Threat Modeling Thursday: 2018

Since I wrote my book on the topic, people have been asking me “what’s new in threat modeling?” My Blackhat talk is my answer to that question, and it’s been taking up the time that I’d otherwise be devoting to the series.

As I’ve been practicing my talk*, I discovered that there’s more new than I thought, and I may not be able to fit in everything I want to talk about in 50 minutes. But it’s coming together nicely.


The current core outline is:

  • What are we working on
    • The fast moving world of cyber
    • The agile world
    • Models are scary
  • What can go wrong? Threats evolve!
    • STRIDE
    • Machine Learning
    • Conflict

And of course, because it’s 2018, there’s cat videos and emoji to augment logic. Yeah, that’s the word. Augment. 🤷‍♂️

Wednesday, August 8 at 2:40 PM.

* Oh, and note to anyone speaking anywhere, and especially large events like Blackhat — as the speaker resources say: practice, practice, practice.

Half the US population will live in 8 states

That’s the subject of a thought-provoking Washington Post article, “In about 20 years, half the population will live in eight states,” and 70% of Americans will live in 15 states. “Meaning 30 percent will choose 70 senators. And the 30% will be older, whiter, more rural, more male than the 70 percent.” Of course, as the census shows the population shifting, the makeup of the House will also change dramatically.

Maybe you think that’s good, maybe you think that’s bad. It certainly leads to interesting political times. Maybe even a bit of chaos, emerging.

Keeping the Internet Secure

Today, a global coalition led by civil society and technology experts sent a letter asking the government of Australia to abandon plans to introduce legislation that would undermine strong encryption. The letter calls on government officials to become proponents of digital security and work collaboratively to help law enforcement adapt to the digital era.

In July 2017, Prime Minister Malcolm Turnbull held a press conference to announce that the government was drafting legislation that would compel device manufacturers to assist law enforcement in accessing encrypted information. In May of this year, Minister for Law Enforcement and Cybersecurity Angus Taylor restated the government’s priority to introduce legislation and traveled to the United States to speak with companies based there.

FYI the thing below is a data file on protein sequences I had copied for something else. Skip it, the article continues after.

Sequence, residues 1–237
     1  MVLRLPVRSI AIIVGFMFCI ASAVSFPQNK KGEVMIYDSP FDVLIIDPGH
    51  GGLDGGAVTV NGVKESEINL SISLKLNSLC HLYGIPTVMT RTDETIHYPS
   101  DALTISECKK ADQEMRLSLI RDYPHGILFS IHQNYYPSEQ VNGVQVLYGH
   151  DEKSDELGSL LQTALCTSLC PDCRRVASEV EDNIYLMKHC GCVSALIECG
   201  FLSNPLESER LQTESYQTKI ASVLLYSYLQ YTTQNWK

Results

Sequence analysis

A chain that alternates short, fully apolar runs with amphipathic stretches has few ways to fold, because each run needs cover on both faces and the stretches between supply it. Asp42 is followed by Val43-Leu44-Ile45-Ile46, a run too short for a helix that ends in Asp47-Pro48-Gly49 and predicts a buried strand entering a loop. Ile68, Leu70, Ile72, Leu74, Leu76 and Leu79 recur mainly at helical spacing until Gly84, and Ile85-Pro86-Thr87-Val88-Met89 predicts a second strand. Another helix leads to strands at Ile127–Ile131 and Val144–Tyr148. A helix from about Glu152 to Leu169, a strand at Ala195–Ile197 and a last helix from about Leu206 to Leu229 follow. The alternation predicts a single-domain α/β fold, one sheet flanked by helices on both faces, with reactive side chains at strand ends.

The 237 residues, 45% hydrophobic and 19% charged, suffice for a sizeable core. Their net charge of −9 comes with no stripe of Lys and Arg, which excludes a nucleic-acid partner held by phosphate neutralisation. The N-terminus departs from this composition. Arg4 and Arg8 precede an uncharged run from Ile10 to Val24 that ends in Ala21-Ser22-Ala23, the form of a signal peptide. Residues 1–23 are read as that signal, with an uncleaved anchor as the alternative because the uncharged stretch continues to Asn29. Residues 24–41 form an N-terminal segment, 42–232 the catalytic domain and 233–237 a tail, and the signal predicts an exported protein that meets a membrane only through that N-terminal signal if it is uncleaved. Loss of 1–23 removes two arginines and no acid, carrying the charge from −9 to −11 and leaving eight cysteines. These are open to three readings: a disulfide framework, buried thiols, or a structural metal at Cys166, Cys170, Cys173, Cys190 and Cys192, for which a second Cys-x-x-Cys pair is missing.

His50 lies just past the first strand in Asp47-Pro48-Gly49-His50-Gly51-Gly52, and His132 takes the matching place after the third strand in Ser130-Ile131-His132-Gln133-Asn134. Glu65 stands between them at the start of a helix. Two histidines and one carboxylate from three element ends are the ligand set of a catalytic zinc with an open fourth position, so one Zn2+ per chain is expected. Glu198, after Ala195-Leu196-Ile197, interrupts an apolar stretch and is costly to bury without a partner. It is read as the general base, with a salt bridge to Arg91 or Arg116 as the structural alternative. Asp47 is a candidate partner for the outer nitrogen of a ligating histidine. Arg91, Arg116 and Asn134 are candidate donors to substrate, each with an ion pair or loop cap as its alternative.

Today’s letter signed by 76 organizations, companies, and individuals, asks leaders in the government “not to pursue legislation that would undermine tools, policies, and technologies critical to protecting individual rights, safeguarding the economy, and providing security both in Australia and around the world.” (Read the full announcement here)

I’m pleased to have joined in this effort by Accessnow, and you can sign, too, at https://secureaustralia.org.au. Especially if you are Australian, I encourage you to do so.

Threat Modeling Thursday: 2018

So this week’s threat model Thursday is simply two requests:

  1. What would you like to see in the series?
  2. What would you like me to cover in my Blackhat talk, “Threat Modeling in 2018?”

“Attacks always get better, and that means your threat modeling needs to evolve. This talk looks at what’s new and important in threat modeling, organizes it into a simple conceptual framework, and makes it actionable. This includes new properties of systems being attacked, new attack techniques (like biometrics confused by LEDs) and a growing importance of threats to and/or through social media platforms and features. Take home ways to ensure your security engineering and threat modeling practices are up-to-date.”

Automotive Privacy

[Update: clarified a sentence about whose privacy is touched, and where.]

I had missed the story “Big Brother on wheels: Why your car company may know more about you than your spouse.” There are surprising details, including that you might be able to shut it off, and the phrase “If a customer declines, we do not collect any data from the vehicle.” I do wonder how a customer can decline — does it involve not buying a GM car?

When we did a privacy threat model at the Seattle Privacy Coalition, we found these issues. We also were surprised that the defense, taking a car driven by someone else (a taxi, or a Lyft/Uber) makes such a big difference, leaving the owner of the car associated with the trip via license plate, toll beacons, tire pressure monitors, traffic sensors, maps, and other technologies with tracking implications. And the passenger is associated if payment is by card, or the ride is booked via an app. splits/confuses the difference. It may also be that driving for Lyft/Uber acts as a defense, by classifying a car as a carshare, but it seems pretty easy to see through that to where the car is parked (especially overnight) and to repeated trips to dis-ambiguate between paid and personal rides.